None of the NAWQA stream sites were located at drinking-water intakes. For perspective, however, the Nation's 1,679 public water-supply intakes on streams were evaluated in the context of NAWQA land-use classifications and pesticide findings. Eighty-seven percent of the water-supply intakes are on streams draining undeveloped and mixed-land-use watersheds and are therefore unlikely to withdraw water with concentrations that are greater than a human-health benchmark. The likelihood of pesticide concentrations exceeding a human-health benchmark is greatest for those streams draining agricultural or urban watersheds, which account for about 12 and 1 percent, respectively, of public water-supply intakes on streams.

Human-health benchmarks were seldom exceeded in ground water. One or more pesticides exceeded a benchmark in about 1 percent of the 2,356 domestic and 364 public-supply wells that were sampled. The greatest proportion of wells with a pesticide concentration greater than a benchmark was for those tapping shallow ground water beneath urban areas (4.8 percent). The urban wells with benchmark exceedances included 1 public-supply, 3 domestic, and 37 observation wells. All concentrations greater than a benchmark were accounted for by dieldrin (72 wells), dinoseb (4), atrazine (4), lindane (2), and diazinon (1).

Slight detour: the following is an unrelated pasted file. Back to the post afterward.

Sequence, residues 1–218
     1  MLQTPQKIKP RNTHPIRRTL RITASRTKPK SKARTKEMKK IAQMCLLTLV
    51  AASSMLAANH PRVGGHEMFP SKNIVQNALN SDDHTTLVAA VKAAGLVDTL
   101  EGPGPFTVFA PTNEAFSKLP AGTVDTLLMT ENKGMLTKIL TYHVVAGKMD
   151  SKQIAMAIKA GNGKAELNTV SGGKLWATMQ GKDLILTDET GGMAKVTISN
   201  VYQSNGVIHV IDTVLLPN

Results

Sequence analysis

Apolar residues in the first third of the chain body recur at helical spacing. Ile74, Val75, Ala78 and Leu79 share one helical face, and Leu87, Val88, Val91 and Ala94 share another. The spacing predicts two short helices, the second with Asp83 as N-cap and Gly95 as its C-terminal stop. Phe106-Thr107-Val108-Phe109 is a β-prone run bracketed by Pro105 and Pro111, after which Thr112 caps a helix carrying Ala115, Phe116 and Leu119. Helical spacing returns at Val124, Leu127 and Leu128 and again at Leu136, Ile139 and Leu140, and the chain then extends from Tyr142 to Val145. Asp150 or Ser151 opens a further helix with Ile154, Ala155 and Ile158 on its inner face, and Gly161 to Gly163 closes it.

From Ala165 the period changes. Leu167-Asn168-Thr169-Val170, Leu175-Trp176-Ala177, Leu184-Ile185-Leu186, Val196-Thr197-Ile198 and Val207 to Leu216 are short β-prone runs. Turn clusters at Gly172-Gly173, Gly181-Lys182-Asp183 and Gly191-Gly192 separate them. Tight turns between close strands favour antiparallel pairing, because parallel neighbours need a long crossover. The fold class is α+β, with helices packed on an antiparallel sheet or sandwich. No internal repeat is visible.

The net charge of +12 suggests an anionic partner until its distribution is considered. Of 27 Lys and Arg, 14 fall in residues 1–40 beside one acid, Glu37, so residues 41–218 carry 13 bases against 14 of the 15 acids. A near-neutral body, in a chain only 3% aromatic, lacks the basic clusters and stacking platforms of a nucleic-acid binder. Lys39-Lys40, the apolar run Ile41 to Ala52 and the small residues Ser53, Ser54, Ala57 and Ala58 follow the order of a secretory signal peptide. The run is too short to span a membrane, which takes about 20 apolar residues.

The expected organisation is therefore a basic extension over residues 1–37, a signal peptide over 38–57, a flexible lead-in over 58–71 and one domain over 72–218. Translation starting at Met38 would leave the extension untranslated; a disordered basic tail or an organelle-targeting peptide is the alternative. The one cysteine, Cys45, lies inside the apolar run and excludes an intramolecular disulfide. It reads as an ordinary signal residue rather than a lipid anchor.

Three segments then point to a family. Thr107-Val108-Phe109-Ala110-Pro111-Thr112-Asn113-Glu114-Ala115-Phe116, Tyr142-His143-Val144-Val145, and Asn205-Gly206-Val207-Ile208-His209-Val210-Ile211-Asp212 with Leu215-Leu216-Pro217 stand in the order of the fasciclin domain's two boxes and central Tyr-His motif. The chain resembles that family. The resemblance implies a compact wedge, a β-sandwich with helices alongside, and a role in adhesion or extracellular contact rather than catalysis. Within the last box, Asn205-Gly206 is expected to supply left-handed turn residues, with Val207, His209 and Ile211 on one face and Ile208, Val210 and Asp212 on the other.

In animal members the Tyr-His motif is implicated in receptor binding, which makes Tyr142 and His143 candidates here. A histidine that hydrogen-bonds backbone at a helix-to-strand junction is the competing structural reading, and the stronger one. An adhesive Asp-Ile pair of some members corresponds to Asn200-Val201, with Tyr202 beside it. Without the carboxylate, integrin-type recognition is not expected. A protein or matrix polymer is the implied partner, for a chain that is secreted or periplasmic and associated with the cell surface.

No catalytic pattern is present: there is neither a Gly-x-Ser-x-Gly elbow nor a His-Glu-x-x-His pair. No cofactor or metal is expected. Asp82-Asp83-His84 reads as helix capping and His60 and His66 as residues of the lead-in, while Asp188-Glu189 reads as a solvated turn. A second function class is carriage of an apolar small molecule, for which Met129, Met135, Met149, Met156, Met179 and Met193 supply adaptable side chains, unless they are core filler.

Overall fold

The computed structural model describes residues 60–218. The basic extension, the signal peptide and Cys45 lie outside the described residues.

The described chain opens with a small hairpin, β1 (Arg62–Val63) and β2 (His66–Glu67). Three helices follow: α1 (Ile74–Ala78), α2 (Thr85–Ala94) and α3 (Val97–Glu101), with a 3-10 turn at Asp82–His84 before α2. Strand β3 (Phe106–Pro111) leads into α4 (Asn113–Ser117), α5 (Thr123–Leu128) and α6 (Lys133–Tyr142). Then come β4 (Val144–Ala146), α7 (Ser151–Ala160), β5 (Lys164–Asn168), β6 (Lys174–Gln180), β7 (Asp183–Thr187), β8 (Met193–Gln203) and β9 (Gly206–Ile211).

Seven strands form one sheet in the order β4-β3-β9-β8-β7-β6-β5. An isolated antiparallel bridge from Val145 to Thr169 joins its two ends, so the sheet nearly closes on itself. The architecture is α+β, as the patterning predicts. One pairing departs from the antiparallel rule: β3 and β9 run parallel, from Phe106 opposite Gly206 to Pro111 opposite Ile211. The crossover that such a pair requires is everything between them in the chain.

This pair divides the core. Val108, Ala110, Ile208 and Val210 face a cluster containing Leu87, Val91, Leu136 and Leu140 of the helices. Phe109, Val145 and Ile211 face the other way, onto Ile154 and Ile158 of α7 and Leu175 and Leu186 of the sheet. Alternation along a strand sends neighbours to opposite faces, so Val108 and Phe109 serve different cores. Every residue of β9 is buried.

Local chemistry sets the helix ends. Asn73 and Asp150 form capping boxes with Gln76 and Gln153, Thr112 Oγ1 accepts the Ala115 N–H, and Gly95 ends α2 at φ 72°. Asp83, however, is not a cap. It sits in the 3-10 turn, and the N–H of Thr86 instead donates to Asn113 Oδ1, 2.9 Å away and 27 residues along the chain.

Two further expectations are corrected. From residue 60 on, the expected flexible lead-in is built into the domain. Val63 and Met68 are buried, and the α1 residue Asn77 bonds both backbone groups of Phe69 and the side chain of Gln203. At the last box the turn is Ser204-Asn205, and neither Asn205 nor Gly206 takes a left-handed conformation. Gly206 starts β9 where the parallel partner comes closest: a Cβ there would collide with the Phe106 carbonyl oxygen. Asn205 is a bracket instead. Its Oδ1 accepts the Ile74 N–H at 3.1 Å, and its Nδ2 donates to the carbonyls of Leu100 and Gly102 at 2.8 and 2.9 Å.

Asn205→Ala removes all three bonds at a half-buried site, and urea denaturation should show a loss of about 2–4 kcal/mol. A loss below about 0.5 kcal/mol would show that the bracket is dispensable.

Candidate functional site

Screening-Level Assessment of Potential Effects

The potential for pesticides to adversely affect human health, aquatic life, or fish-eating wildlife was evaluated by a screening-level assessment similar in concept to U.S. Environmental Protection Agency (USEPA) screening-level assessments. The screening-level assessment is primarily intended to identify and prioritize needs for further investigation and is not a substitute for comprehensive risk assessment, which includes additional factors. Concentrations of pesticides measured at NAWQA sampling sites were compared with water-quality benchmarks derived from standards and guidelines established by USEPA, toxicity values from USEPA pesticide risk assessments, and selected guidelines from other sources. Most of the benchmarks are estimates of no-effect levels, such that concentrations below the benchmarks are expected to have a low likelihood of adverse effects and concentrations above a benchmark may have adverse effects, with the likelihood increasing as the concentration increases.